Thirteen tracks of metal, extra heavy, with some soul on the side. That’s how you can describe Mastodon’s long-anticipated sonic descendant to Crack the Skye. Constantly pushing forward, with the Hunter, Mastodon ditched the concept album model that has worked so well for them previously, like a snake shedding its skin and angled off into new musical territory. The result is a much appreciated evolution in sound, complete with more palatable song lengths, lyrics whittled down to the essential essences that evoke emotion and surge with force and direction, anthem-type choruses and melodic chords that tease the untrained ear into believing that Mastodon is aiming to go pop, but to the seasoned veteran it’s a sign of developing maturity in their craft. Could this be due to Mike Elizondo, who has handled production duties for Eminem or is it due to road work with Alice in Chains? Who cares? It’s Mastodon, the Hunter, the drums are vacuum seal tight, the songs stand alone and the music speaks for itself.
Jay-Z said it best, “You want my old music, buy my old album”. The Black Keys, the more you bang them, the better they get. This release, “El Camino” is just another welcome stop on the road for Dan Auerbach and Patrick Carney before they either arrive at the Rock Hall of Fame or simply bypass it altogether and become Gods of Rock for the generations that come after them. From the start with, “Lonely Boy” to the finish with “Mind Eraser,” El Camino is a hearty and enjoyable effort packed with very danceable melodies, thunderous drums and rhythms that rock with life and feeling. The Black Keys El Camino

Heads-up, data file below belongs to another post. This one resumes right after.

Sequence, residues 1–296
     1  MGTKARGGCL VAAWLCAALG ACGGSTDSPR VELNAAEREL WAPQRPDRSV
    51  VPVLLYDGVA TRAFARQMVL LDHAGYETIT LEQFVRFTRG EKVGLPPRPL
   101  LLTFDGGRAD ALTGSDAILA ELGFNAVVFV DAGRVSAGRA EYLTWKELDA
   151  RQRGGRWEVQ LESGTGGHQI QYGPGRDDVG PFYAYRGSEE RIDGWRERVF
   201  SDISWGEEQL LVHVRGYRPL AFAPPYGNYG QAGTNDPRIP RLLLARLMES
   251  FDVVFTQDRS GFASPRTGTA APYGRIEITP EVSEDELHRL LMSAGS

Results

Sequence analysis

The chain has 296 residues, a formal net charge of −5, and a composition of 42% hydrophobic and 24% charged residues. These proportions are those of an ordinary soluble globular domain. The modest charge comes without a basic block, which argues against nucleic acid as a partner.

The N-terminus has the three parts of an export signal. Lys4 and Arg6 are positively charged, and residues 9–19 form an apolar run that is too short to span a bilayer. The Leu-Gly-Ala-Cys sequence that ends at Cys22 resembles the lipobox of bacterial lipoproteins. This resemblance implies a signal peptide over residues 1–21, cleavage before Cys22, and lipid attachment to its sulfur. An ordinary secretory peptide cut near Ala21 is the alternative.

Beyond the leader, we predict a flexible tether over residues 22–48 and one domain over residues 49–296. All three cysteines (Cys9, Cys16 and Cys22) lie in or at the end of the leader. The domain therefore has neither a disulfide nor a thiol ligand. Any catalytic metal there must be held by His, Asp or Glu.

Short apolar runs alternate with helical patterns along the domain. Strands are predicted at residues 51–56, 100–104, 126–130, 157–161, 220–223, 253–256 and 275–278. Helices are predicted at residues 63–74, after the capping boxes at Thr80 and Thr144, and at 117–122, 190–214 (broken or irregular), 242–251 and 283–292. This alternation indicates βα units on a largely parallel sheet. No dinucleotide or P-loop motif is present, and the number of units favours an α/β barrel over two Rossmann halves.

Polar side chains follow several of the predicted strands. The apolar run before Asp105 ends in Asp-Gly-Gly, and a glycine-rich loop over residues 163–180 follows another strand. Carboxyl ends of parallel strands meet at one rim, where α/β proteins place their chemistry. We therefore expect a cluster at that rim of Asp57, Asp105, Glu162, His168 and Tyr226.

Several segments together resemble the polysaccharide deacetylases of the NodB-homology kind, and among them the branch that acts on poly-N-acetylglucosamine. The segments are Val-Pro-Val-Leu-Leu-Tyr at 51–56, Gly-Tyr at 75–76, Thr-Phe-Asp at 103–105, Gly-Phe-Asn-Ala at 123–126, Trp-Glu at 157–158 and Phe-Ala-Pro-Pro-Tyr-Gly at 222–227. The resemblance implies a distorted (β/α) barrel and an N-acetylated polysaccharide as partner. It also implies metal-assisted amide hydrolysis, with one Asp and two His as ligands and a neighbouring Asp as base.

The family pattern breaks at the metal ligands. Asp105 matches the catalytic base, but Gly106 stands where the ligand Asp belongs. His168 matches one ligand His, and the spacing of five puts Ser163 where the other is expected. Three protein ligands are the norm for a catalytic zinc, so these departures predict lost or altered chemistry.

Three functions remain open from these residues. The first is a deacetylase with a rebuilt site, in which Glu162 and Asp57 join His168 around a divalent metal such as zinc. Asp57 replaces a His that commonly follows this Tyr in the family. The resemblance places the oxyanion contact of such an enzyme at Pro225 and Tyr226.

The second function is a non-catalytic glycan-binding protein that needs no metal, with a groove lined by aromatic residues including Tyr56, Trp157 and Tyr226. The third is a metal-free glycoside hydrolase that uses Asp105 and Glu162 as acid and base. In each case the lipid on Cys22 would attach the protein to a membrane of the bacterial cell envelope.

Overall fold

The Alabama born Yelawolf, is a multifaceted talent that has spent a better part of the last decade living in various parts of the US while striving towards super-stardom. His first major label release, “Radioactive” may well be the cornerstone of a hugely successful career in entertainment. However, that depends on who you ask. Radioactive has received mostly politically safe, yet positive reviews, but some consider Yelawolf’s Shady records debut missing the mark. Not because of lack of skill by Yelawolf, but by the unfettered efforts to make a pop record instead of a rap record that can go pop. Never mind the forced attempts craft a colorblind pop rap album, Yelawolf is a solid lyricist and some of those pop efforts are great songs. While some fans cling zealously to the music and lyrical style of early TrunkMuzik mixtapes, this new, Eminem stamped Yelawolf shows growth and shines, despite his efforts to stay in ‘bama mud.